Interviewing for a job? Go you!
While you prepare to answer your future employer’s questions, why not turn the tables a bit and ask some questions of your own? Asking thoughtful questions in an interview shows genuine interest, a go-getter spirit, and helps you decide whether or not the company is a good fit for you.
So, what questions should I ask during an interview?
It all depends on what you want to know. Think about your needs – do you need a flexible schedule? Are you intent on moving up in the company? In addition to reflecting your needs and goals, let your questions communicate interest in understanding the position.
Here are some questions that we recommend:
What does a typical day look like?
Get a sense of the day-to-day of the role you’re applying for by asking what a typical day is like. This can get you insight about work communications – like whether they have a morning stand-up or an afternoon check-in. It can give you an idea of structure, whether there’s a daily schedule or perhaps a lack of one.
You can tell a lot about a role (and a company) by how this question is answered – From often over-looked skills and experience to clarity on how they run things.
How do you measure productivity and growth in this position?
It’s important to understand the criteria you’ll be reviewed based on. How will you know whether you’re doing your job correctly? What can you expect from management in terms of feedback? Are there regularly scheduled reviews? Maybe a rubric or checklist that you can reference to get an idea of how you’re performing? When you know what’s expected of you, you can thrive.
This question will let them know that you care about doing well – and that you care about being treated fairly.
Do you offer training or continuing education?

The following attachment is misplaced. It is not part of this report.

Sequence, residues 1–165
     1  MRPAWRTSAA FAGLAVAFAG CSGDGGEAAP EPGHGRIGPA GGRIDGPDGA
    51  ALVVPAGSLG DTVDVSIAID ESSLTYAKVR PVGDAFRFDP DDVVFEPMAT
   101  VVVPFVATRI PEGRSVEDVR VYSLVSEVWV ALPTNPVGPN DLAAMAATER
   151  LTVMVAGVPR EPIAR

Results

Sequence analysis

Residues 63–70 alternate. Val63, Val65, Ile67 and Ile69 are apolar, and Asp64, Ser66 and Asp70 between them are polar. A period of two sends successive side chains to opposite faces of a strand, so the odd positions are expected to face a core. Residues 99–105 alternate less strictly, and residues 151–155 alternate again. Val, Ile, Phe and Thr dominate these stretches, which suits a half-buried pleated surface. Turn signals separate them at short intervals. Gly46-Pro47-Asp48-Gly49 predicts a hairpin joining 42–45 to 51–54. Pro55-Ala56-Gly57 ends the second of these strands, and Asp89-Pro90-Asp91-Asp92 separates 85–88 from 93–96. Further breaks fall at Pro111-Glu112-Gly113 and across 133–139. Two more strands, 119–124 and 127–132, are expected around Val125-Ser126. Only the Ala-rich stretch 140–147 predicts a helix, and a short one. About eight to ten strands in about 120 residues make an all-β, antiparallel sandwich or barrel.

There is nothing wrong with interviewing for a job that you might not qualify for on paper. If your soft skills, your interest, and your work ethic led you to getting this interview, you can always fill in the blanks on the job. That said, you might want to find out how they train employees. This question will give you clarity on their training program.
How about upward mobility? That’s just a fancy term for growing in a company – getting promoted, moving up the ladder. Some companies like to promote from within, so they offer continuing education.
Can you tell me about the team I’d be working with?
A good team can be the difference between a good job and a great one. Ask how many people are on the team, how long they have each been there, what their experience was when they were hired, who reports to whom. Showing interest in teamwork is a big green flag for employers, and it gets you the information you need to see if it’s a team you want to be a part of.
Do you have any other questions for me?
It may seem like a throw-away question, but this one communicates a few important things. First, it displays good conversation skills by seamlessly throwing the ball back to the interviewer. Second, it communicates that you value transparency – that you want to make sure they have all the info they need to make a decision about you.
While the interviewer will do most of the asking, don’t be afraid to ask questions of your own. They need to make an informed decision on who to hire, and you need to make an informed decision on where to work. Take time to think about what you want to ask, use these questions as a jumping-off point, and bring your confidence with you. Good luck!